BURLINGTON, Vt. (AP) — The school board in Vermont’s largest city plans to sue the manufacturer of chemicals that forced the closure of Burlington High School, officials said.
Burlington School District officials on Thursday announced plans to sue agro-chemical giant Monsanto after PCBs were found in the existing building and soil during renovations, forcing the closure of the school, which also housed the Burlington Technical Center.
In a statement, Bayer, which now owns Monsanto, said Monsanto “voluntarily stopped producing PCBs 45 years ago and its conduct has been appropriate at all times.”
“Until the company terminated their production, PCBs were lawfully used in a number of commercial products that were manufactured by other companies,” the statement said. “We will assess and respond to a complaint if one is filed.”
School officials now are planning to demolish the existing building and build a new school and technical center in the same area. Burlington voters will cast ballots next month on a proposed $165 million bond, but the city estimates the total cost of the improvements could be $190 million.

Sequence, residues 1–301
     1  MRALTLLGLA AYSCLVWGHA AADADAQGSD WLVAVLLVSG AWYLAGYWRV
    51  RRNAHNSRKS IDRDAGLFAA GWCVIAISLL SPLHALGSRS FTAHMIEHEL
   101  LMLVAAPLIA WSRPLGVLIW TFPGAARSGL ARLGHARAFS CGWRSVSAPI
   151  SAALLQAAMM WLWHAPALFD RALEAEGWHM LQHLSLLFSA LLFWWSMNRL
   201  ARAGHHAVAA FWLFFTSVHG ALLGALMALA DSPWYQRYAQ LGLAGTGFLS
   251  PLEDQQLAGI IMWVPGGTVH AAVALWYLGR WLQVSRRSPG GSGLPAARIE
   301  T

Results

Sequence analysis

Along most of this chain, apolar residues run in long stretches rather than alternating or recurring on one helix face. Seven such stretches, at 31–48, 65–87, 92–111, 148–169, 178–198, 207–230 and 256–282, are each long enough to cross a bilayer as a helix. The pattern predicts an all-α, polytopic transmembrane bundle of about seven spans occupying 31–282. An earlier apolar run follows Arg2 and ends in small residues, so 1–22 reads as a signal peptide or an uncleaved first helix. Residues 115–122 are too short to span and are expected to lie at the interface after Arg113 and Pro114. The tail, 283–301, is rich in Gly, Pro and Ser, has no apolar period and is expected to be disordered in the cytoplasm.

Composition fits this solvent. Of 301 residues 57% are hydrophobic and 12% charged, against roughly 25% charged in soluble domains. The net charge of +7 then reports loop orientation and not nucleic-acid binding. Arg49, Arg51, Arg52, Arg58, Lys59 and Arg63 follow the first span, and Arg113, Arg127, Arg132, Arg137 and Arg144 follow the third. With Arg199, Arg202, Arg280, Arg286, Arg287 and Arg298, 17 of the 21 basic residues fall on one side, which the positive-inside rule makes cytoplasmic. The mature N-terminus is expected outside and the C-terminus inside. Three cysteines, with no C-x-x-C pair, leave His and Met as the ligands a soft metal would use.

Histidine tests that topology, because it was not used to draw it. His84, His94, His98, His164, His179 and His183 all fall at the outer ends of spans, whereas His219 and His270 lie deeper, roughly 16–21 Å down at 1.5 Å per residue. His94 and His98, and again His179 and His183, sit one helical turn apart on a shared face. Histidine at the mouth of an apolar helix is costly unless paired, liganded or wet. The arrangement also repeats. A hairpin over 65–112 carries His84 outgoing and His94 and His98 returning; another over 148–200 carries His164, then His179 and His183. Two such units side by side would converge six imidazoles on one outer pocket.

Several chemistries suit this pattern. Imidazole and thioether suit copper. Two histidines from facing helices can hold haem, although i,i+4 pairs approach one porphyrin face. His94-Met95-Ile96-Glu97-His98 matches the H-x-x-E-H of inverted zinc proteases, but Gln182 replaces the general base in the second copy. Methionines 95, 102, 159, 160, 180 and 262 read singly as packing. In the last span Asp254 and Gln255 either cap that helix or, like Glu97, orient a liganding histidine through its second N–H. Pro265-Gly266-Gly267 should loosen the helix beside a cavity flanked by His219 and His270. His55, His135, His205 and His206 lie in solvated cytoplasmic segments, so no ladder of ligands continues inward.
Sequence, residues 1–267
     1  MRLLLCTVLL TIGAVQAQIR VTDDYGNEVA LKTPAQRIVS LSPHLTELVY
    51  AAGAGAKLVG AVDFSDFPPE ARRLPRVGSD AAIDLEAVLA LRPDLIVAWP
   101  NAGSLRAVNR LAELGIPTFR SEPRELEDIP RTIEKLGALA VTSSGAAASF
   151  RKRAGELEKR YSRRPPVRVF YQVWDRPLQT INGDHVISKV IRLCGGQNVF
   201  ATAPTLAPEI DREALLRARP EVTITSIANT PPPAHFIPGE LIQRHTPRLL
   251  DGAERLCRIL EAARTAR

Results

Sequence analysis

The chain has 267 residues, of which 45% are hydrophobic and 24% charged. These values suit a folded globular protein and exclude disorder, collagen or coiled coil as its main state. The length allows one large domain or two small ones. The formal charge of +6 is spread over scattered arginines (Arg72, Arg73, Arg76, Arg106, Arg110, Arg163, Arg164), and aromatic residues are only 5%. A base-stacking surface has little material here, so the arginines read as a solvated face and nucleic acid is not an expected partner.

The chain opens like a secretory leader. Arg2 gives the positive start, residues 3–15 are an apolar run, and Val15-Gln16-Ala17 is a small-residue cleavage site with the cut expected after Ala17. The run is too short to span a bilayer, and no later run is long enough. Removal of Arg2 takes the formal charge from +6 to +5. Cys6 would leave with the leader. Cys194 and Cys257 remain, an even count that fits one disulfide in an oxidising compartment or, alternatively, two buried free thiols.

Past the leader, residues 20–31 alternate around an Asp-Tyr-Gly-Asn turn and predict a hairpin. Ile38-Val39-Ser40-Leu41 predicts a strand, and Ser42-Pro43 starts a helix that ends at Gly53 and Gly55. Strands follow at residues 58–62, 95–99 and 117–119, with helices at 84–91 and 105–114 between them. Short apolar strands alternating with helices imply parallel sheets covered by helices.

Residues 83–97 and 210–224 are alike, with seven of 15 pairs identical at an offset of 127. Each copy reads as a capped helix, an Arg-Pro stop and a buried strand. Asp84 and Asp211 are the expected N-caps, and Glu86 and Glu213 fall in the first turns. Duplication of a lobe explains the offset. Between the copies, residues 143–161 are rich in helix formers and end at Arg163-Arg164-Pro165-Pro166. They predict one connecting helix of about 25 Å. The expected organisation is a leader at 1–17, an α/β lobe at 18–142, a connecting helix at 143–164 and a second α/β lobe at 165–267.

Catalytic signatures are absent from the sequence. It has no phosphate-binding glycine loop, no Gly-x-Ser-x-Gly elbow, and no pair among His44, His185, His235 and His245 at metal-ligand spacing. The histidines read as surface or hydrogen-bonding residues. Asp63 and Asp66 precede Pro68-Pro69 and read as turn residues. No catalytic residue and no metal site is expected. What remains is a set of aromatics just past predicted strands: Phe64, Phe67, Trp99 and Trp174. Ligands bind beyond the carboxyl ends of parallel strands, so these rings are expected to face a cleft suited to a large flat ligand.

Burlington Board Chair Clare Wool said the lawsuit could mean long-term financial compensation for the district, but to move forward with the plans for the new school they still need to have the bond approved.
“Even though we plan to pursue this course of environmental lawsuit zealously and aggressively, we are viewing this as a long-term strategy and are anticipating that this work could consume a number of years,” Wool said in a statement.
The city did not say when it planned to file its lawsuit. Students have been attending classes at a former Macy’s department store.
Over the years, a number of state and local governments have sued Monsanto, which was purchased by Bayer in 2018, over PCB contamination. In one example, last winter the state of New Hampshire reached a $25 million settlement with Monsanto over what the state said was widespread PCB pollution in waterways and other state-owned property.
PCBs are toxic industrial chemicals, now banned, that have accumulated in plants, fish, birds and people for decades. PCBs were used in many industrial and commercial applications, including in paint, coolants, sealants and hydraulic fluids.
Monsanto, based in St. Louis, produced them from 1935 until 1977, two years before they were banned by Congress.